Yates said:

“I don’t believe that any of my good officers are going to be provoked to a violent response because somebody does a ‘yo mama’ joke, or whatnot,” 

Unsurprisingly, the ACLU of Kentucky does not agree with the bill. Corey Shapiro, an attorney with the ACLU of Kentucky, said:

“the idea that the legislature would be criminalizing speech in such a way is offensive.”

Shapiro told the Courier-Journal:

“Verbally challenging police action — even if by insult or offensive language — is a cornerstone of our democracy,”

He continued:

“And the First Amendment protects people’s ability to express themselves, even if it’s using offensive words to the police.”

According to FOX, other provisions in SB 11 would push back against the “defund the police” movement and make a person who “knowingly” provides supplies at a riot — that can be used as weapons or “dangerous instruments” — subject to a riot-in-the-second-degree charge. 

The bill states:

“Governmental entities responsible for the funding of the various law enforcement agencies shall maintain and improve their respective financial support to the Commonwealth’s law enforcement agencies,”

According to the paper, the bill will now go to the full Senate and could be passed as early as next week, though not much time will remain in the 30-day session to also make it through the House.

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City prepares for potential riots after prosecutor rules fatal shooting of “unarmed” black man was justified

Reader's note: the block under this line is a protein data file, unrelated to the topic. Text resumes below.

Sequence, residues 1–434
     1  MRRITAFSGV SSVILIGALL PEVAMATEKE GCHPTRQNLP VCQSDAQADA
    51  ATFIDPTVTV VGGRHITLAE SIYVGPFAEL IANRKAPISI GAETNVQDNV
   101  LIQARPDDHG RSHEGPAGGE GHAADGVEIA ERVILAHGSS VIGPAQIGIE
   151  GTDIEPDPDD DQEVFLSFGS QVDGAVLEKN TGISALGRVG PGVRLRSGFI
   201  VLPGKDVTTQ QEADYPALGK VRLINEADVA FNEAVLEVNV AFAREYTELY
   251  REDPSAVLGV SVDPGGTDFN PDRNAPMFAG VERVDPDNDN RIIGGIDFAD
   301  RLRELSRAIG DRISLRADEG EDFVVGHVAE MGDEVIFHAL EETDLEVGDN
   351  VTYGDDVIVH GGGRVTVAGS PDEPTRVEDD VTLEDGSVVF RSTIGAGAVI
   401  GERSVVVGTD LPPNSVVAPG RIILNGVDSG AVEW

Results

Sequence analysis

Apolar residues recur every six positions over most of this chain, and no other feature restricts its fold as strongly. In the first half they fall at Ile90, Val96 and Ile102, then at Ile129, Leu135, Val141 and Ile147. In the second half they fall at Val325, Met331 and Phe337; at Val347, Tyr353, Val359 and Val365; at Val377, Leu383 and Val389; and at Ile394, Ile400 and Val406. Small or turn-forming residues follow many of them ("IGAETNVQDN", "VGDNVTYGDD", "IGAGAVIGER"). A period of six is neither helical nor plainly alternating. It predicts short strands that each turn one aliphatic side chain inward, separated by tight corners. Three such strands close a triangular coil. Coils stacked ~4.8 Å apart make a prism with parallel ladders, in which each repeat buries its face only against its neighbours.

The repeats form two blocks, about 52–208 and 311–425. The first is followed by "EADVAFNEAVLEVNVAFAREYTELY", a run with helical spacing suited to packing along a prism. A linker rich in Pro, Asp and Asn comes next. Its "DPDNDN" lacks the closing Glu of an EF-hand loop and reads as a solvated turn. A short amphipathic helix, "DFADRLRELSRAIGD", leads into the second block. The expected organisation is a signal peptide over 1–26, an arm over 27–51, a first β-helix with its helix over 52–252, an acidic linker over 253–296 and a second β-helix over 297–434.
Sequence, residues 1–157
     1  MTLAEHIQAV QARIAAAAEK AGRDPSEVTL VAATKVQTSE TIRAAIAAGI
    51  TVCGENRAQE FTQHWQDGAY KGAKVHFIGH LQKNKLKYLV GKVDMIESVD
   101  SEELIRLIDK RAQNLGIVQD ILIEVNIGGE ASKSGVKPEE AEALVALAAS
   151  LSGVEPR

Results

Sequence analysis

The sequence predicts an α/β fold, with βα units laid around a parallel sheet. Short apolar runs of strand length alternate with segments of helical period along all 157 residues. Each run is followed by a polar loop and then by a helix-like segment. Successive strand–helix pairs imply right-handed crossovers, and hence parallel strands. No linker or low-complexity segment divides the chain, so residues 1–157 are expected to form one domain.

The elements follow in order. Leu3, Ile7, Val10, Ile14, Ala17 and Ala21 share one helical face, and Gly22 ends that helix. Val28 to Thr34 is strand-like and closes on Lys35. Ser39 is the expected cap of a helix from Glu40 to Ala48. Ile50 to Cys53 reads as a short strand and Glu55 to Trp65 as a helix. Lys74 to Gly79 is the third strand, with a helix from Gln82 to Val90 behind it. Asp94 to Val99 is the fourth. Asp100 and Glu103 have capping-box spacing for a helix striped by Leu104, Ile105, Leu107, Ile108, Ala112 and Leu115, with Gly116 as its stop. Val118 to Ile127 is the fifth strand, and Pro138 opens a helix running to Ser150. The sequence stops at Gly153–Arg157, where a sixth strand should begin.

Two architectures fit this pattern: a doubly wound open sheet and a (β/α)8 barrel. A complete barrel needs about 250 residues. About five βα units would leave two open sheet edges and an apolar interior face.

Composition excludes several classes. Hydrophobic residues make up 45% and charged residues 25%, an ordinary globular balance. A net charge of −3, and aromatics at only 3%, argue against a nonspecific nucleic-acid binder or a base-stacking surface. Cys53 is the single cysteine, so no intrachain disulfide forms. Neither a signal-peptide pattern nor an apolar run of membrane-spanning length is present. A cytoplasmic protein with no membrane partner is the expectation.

March 4, 2021

KANSAS CITY, MO – Nearly one year after the fatal police shooting of Donnie Sanders back in March of 2020, prosecutors have now ruled that the shooting was justified based upon the situational circumstances and actions of Sanders during the incident. 

Prosecutors announced their findings regarding the investigation of the police-involved shooting of Donnie Sanders that occurred back on March 12th of 2020, saying the evidence points to the shooting being justified. 

According to officials, the incident started at approximately 11:17 p.m. on March 12, 2020 after a Kansas City Police officer witnessed someone driving a Chevy Tahoe erratically on Prospect Avenue. 

The officer began to pursue the driver, and reportedly hit their lights behind the Tahoe in an alley that runs parallel to Wabash between 51st and 52nd Street. 

Said driver of the Tahoe, later identified as Sanders, continued driving to the end of the alley – and then exited his vehicle and began to flee the area on foot. 

Dashcam video had captured the events, showing the officer exiting their cruiser and giving chase to Sanders on foot. As both the suspect and the officer continued on foot, the visibility of the incident provided by the dashcam diminished.

However, some audio was still able to be picked up, which the officer could be heard yelling “hey stop,” to the suspect. 

Commands from the officer could continue to be heard from the dashcam video, with the officer repeatedly telling Sanders to stop and show his hands.